Our guide to some of the cycling words and phrases that have their origin in the French language.
You may have been watching various coverage of the Tour De France and been a bit confused by some of the French terminology that comes up on the screen or is mentioned by the commentators.
Here’s our guide to some of the cycling words and phrases that have their origin in the French language.
Riding or going “à bloc” means riding as hard as one possibly can.
A group of riders in a stage race (typically non-climbers and suffering domestiques) who ride together as a group on the mountain stages with the sole intention of finishing within the stage’s time limit.
A water bottle.
The team cars and publicity vehicles.
Riding out of the saddle, standing up and rocking side to side.
A cyclist who excels at fast descents.
A rider whose job it is to support and work for other riders in their team.
A line of riders seeking maximum drafting in a crosswind, resulting in a diagonal line across the road.
Age class for riders 19 to 22. Also called U23.
A stage of a stage race.
A red flag displayed with one kilometer remaining from the finish line.
Term primarily used to designate a climb that is “beyond categorization”, an incredibly tough climb. A climb that is harder than Category 1 is designated as hors catégorie.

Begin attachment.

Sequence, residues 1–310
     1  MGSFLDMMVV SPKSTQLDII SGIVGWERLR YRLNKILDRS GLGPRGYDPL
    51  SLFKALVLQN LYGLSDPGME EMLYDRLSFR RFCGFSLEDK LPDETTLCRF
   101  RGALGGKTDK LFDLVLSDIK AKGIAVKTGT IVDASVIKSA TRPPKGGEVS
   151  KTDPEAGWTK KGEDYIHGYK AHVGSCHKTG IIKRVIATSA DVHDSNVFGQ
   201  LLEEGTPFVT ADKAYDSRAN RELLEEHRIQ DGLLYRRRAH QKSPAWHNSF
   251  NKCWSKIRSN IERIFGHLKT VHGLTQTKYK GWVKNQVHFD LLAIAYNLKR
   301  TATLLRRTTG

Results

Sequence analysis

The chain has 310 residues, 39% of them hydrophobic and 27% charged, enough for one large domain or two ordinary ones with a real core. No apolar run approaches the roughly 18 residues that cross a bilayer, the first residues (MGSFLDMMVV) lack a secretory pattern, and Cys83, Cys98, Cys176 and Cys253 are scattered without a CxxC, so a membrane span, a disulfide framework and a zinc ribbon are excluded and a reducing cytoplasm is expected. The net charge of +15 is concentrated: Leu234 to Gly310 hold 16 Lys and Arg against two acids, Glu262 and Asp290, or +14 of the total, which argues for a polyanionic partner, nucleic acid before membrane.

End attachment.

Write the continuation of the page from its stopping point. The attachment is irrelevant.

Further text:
“Out of time”, when a rider has finished outside the time limit in a race and is eliminated.
A class of independent rider in the Tour de France.
To be dropped, left behind by a breakaway or the peloton.
The name given to the rider placed last in a race.
Small lightweight shoulder bag containing food and drink given to riders in a feed zone.
A list of races a rider has won.
The profile of the race or stage route.
The large main group in a road bicycle race.
Refers to a cyclist or group of cyclists who are separated from and behind the leader(s) but in front of the peloton.
A racer that specializes in rolling terrain with short but steep climbs.
A racer considered a good all-rounder.
A non-riding member of a team. Covers various roles.
An amateur rider, who is taken in by a professional team during the season.
tête de la course
The leading cyclist or group of cyclists when separated from the peloton.